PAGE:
NEWMAN'S BOLD MOVES LEAD TO TOP-FIVE AT FONTANA Tornados Driver Finishes Fifth at Sponsor's Home Track Ryan Newman certainly lived up to the "Bold is How We Roll" slogan written across the bumper of his No. 39 Tornados Chevrolet in...
NEWMAN'S BOLD MOVES LEAD TO TOP-FIVE AT FONTANA
Tornados Driver Finishes Fifth at Sponsor's Home Track
Ryan Newman certainly lived up to the "Bold is How We Roll" slogan written across the bumper of his No. 39 Tornados Chevrolet in Sunday's Pepsi Max 400 NASCAR Sprint Cup Series race at Auto Club Speedway in Fontana, Calif. -- particularly in the last 13 laps of the 200-lap contest as he raced his was from 16th to fifth by the time the checkered flag waved.
The fifth-place finish was Newman's third top-five at the 2-mile oval and his sixth top-10 in the last seven races. It was also his first top-five effort since winning at Phoenix International Raceway in April. His worst finish in the last seven races was an 11th-place run at Richmond (Va.) International Raceway.
Newman's daring moves on the racetrack, along with teammate Tony Stewart's victory, gave Stewart-Haas Racing's (SHR) hometown sponsors something to cheer about.
The last time both SHR cars finished in the top-five was in June 2009 at Pocono (Pa.) Raceway where Stewart was victorious and Newman was fifth. The successful weekend in Southern California was even more special as Haas Automation, which SHR co-owner Gene Haas founded, is located just 108 miles west of Fontana in Oxnard, Calif. And Ruiz Foods, maker of Tornados, is located 244 miles northwest of the 2-mile oval in Dinuba, Calif.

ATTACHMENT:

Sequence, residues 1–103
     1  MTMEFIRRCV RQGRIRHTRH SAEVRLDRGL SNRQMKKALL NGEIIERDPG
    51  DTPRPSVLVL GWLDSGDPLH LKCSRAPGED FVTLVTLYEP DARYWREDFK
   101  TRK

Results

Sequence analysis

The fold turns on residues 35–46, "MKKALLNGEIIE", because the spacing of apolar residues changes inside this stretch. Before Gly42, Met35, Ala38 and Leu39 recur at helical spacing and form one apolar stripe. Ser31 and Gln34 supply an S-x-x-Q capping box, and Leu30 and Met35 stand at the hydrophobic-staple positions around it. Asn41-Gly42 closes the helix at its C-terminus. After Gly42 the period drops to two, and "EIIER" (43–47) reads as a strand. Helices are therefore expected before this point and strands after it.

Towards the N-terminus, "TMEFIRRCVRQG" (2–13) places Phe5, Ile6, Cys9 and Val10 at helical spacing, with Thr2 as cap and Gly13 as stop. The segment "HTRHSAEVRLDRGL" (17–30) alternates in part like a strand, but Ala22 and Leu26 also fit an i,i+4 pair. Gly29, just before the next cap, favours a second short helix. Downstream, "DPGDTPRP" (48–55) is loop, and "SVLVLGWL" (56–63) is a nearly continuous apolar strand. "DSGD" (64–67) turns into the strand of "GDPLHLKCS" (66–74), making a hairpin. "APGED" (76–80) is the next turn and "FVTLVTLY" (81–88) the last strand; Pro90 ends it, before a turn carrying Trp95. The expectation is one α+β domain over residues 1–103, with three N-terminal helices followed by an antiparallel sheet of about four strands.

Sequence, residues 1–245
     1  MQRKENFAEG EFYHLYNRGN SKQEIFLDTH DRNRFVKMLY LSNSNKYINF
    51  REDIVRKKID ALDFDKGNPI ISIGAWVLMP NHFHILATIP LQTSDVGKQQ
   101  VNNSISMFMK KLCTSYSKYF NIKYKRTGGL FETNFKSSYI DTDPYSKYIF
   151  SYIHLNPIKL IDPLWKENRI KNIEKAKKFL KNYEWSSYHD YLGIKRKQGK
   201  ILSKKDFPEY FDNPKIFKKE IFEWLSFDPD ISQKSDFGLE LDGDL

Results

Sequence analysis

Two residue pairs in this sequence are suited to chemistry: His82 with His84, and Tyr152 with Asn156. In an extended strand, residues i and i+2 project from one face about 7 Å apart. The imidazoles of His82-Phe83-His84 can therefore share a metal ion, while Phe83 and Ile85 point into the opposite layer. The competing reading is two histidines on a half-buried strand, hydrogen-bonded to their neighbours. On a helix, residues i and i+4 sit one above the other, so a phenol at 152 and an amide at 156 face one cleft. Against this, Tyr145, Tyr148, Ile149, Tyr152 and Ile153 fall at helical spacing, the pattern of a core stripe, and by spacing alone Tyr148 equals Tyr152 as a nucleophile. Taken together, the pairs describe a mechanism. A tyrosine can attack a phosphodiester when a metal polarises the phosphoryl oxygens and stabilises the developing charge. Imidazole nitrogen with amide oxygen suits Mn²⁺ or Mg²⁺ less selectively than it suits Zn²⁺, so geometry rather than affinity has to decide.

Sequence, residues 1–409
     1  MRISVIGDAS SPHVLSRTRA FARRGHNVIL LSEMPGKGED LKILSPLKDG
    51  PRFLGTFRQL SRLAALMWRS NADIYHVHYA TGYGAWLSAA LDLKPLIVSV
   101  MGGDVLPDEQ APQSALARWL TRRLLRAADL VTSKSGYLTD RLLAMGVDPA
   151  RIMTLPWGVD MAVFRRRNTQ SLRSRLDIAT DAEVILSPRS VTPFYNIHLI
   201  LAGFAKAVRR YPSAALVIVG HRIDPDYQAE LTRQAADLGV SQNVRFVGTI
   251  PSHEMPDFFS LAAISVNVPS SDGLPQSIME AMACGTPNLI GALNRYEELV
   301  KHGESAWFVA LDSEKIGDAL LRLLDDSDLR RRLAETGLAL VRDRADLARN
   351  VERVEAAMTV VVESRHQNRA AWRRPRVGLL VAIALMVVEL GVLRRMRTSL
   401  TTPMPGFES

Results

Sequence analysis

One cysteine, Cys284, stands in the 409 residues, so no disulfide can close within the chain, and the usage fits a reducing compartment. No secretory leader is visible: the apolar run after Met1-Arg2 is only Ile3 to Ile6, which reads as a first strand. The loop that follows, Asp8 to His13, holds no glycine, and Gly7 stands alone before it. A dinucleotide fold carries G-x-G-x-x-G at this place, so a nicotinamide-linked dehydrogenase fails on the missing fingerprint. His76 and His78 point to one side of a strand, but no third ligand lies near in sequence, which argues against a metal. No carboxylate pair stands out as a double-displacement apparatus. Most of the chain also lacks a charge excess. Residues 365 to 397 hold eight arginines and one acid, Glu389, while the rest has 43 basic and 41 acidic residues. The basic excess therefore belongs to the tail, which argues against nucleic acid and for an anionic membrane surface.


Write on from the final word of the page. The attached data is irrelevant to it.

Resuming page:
"First off, congratulations to Tony (Stewart) and his entire team," said Newman following the race. "It was a great day for Stewart-Haas Racing. The Tornados Chevrolet was really good today. We've been pretty solid these last few races, but unfortunately, we're not a part of the Chase, but we're still out there fighting for a win every week. I'm just really proud of this team and what we've accomplished.
"As far as today, we started off tight and got it loose and then got it good at the end," Newman continued. "We had a little beating and banging there with the No. 29 car near the end of the race that caused a little bit of damage that we had to fix. We got behind but our car was strong enough to get back in the top-five."
For Newman, the tale of the early part of the day at Fontana was the handling of his No. 39 Tornados Chevrolet. The Purdue University graduate, who qualified in the 14th position, battled a tight-handling racecar during the first run of the race. By the time Newman made his first green flag pit stop at lap 36, he had fallen to the 18th position.
Newman pitted for four tires, fuel and air pressure and track bar adjustments. By the time the green flag stops had cycled through, Newman had moved up to 14th-place thanks to his team's quick pit work.